AMERICA'S VOICE RESEARCH ON IMMIGRATION REFORM

Russell Pearce’s Recall Shows Danger of “Negative Tone,” Anti-Immigration Stance as “Pet Issue”

Published: 11/09/2011

November 2011 | Click here to download PDF

Over the course of a single year, Russell Pearce fell from secure incumbency to resounding defeat. Jerry Lewis beat incumbent State Senator Russell Pearce soundly in the first-ever recall election of a state politician in Arizona history, getting 53.4% of the vote to Pearce’s 45.4%. Pearce had handily won his last 2 elections: defeating one challenger in 2008 and two in 2010, and winning 56% of the vote each time. As late as May 2011, Pearce bragged: “My constituency knows me, my district knows me — that’s why I have a 16-0 record with wins in my district.”

Associated Press on recall: “a referendum on the state’s hardline immigration policies.” In a preview of the election, the Associated Press highlighted the importance of the immigration issue in the Pearce recall: “The architect of the groundbreaking Arizona immigration law that thrust the issue into the national political debate faces a recall election Tuesday likely to be viewed as a referendum on the state’s hardline immigration policies.”  Constituents cited many concerns about Pearce’s leadership and priorities: one told the Associated Press that she was voting for Lewis because she was sick of “the negative tone about too many things,” and Republican State Senator Rich Crandall predicted that if Lewis were elected, “the tone is going to be what are real solutions to real problems.” Pearce’s obsessive focus on immigration, to the exclusion of voters’ other concerns, clearly fed this perception.

It became clear the tide was turning against Pearce when business blocked his latest crop of anti-immigrant bills last spring. As president of the State Senate, Pearce attempted to follow up 2010’s groundbreaking anti-immigrant law SB 1070 with a new series of extreme anti-immigration proposals. Pearce put together a slate of bills that would have prevented undocumented children from attending public schools, required hospitals to check immigration status, and even issued a different kind of birth certificate to children born to an undocumented parent. Arizona’s business community mobilized against this agenda, and the Greater Phoenix Chamber of Commerce, along with 60 CEOs from around the state, sent Pearce an open letter urging him to reconsider. Soon after, the bills failed to pass in the Senate and were shelved for the year.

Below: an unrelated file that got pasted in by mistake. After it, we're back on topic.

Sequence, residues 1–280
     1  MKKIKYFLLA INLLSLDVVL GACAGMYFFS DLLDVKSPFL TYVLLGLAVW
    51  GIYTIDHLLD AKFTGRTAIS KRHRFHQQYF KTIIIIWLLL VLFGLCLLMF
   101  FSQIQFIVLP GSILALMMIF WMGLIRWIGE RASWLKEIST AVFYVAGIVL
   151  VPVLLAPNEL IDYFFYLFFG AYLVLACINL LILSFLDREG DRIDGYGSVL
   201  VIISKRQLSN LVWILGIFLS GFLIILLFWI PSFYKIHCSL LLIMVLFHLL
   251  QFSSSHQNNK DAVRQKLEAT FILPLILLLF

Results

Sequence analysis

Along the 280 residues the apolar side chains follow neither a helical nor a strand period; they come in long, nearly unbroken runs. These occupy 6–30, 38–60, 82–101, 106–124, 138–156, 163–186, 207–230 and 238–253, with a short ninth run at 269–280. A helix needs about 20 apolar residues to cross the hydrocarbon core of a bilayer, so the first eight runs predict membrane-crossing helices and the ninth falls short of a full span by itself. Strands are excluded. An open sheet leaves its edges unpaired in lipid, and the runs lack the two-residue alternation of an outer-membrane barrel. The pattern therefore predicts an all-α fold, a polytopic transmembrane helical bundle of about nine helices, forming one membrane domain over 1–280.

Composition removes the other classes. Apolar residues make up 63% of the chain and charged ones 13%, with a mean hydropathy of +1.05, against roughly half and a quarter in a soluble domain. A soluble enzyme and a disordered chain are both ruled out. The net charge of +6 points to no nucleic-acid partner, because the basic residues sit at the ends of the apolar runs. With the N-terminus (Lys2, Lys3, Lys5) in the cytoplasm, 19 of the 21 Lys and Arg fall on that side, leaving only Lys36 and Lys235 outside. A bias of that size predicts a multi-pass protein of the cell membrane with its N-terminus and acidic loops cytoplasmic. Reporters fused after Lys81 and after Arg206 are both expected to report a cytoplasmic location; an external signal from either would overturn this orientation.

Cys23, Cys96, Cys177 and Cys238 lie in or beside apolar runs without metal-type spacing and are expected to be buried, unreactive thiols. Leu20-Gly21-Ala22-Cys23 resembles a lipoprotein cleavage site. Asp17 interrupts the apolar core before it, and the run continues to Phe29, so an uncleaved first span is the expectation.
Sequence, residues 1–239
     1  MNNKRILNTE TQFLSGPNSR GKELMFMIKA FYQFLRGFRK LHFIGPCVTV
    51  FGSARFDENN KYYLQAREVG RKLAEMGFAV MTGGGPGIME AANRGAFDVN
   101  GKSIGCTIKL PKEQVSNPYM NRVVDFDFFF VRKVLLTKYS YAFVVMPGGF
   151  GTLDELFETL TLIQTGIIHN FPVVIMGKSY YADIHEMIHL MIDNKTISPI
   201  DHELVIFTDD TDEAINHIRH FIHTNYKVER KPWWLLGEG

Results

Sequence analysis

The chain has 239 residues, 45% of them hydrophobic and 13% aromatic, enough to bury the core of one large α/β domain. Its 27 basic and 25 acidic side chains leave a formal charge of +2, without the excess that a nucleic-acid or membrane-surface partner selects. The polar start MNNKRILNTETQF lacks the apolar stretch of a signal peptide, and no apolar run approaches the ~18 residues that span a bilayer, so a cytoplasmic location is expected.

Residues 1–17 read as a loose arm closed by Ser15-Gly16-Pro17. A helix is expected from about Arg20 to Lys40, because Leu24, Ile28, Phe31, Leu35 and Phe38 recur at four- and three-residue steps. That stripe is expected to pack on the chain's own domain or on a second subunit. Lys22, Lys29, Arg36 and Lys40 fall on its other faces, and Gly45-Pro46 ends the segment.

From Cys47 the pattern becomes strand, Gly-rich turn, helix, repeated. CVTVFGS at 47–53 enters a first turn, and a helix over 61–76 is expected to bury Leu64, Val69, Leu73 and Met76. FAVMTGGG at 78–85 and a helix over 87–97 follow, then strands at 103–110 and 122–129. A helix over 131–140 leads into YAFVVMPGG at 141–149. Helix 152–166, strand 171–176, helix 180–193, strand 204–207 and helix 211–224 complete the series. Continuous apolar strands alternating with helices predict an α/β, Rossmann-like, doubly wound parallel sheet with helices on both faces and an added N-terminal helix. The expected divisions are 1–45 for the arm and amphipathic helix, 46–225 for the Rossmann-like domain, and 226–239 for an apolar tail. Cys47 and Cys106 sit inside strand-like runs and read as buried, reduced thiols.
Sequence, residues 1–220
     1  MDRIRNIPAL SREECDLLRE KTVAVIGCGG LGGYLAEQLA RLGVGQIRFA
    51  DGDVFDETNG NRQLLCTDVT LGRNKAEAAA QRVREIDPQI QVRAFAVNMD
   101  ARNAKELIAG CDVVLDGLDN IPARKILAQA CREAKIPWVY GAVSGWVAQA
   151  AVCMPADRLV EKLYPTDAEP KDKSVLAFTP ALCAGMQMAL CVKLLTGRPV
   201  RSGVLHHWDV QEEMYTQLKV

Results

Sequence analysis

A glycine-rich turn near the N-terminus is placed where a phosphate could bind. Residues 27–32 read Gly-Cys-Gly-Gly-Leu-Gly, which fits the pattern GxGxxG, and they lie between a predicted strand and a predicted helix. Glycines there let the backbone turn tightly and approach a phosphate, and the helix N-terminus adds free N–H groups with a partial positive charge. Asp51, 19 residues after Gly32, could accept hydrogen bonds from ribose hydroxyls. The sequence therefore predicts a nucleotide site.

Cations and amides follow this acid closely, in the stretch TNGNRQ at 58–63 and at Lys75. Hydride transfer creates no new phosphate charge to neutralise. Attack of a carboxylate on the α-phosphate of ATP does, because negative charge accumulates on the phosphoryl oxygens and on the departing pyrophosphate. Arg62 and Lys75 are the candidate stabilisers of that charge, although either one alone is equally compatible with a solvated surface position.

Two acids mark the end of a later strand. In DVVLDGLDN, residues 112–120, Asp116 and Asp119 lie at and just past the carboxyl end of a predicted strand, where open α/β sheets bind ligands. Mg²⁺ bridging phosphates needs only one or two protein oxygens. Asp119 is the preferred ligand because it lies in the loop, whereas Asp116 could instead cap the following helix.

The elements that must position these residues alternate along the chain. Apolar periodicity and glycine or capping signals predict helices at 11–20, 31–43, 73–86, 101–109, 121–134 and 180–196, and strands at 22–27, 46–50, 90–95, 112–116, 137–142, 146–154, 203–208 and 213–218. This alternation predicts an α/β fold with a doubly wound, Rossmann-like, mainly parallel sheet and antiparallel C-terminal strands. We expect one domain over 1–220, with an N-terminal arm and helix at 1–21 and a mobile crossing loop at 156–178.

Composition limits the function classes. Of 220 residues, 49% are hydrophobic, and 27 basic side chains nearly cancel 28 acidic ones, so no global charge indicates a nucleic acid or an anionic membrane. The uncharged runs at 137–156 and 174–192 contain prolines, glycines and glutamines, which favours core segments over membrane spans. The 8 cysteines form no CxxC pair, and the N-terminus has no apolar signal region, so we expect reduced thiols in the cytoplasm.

The bipartisan campaign to recall Pearce showed the voters were frustrated with Pearce’s focus on “pet issues.” Republican Chad Snow chaired the committee that circulated the petition to recall Pearce, joining Democrat Randy Parraz in leading the recall effort. Snow told the Associated Press that Pearce was out of touch with voters’ top issues, and that “He’s down there focusing on his two pet issues”—gun rights and immigration.

Pearce’s Republican opponent, new State Senator Jerry Lewis, wants to change the state party’s course on immigration. Pearce’s Republican opponent, Jerry Lewis, was not involved in the petition calling for Pearce’s recall. Once the petition gathered enough signatures and the recall election was scheduled, however, he jumped into the race. According to the Associated Press, Lewis “said his approach on immigration would be to do more to forge consensus for comprehensive action. ‘The image that people have of us is something that we’re not,’ he said.”

Pearce lost despite his hefty campaign war chest stocked with out-of state money, and dirty tricks to try to suppress the Lewis vote.  According to the local ABC affiliate, Pearce has raised $230,000, while Lewis has raised only $69,000. However, the Arizona Republic reports that “only 12 percent of Pearce’s support came from within Mesa,” and ABC reports that Pearce received donations from 40 states. Lewis, on the other hand, raised 59% of his funds from Mesa.

Pearce allies first tried to put a sham candidate on the ballot… For much of the campaign, Pearce was running against not only Lewis but a woman named Olivia Cortes, who the Arizona Republic said had entered the race “mysteriously” and who “was supported by Pearce family members and allies.” The people circulating petitions to put Cortes on the ballot “admitted that their purpose was to help Pearce win the election.” Cortes quit the race on October 6th, after lawyers suing to get her off the ballot announced they had “uncovered new evidence implicating Cortes and Pearce’s supporters in election fraud.” However, Cortes was still on early-voting ballots, and some early voters voted for her without knowing she was no longer a candidate.

…then tried to use election-eve robocalls to mislead Latino voters. A few days before the election, Latino families in Pearce’s district began to report that they were receiving robocalls asking them to “protest” the election by writing in a candidate. According to local network ABC 15, the robocall featured a man with a Spanish accent saying: “Voters beware. If you plan to vote this Tuesday, you should know that both candidates for State Senator, Russell Pearce and Jerry Lewis, are Republicans. The only other candidate, Olivia Cortes, was forced to withdraw last month. You can protest this one-sided election by writing in your own candidate.”

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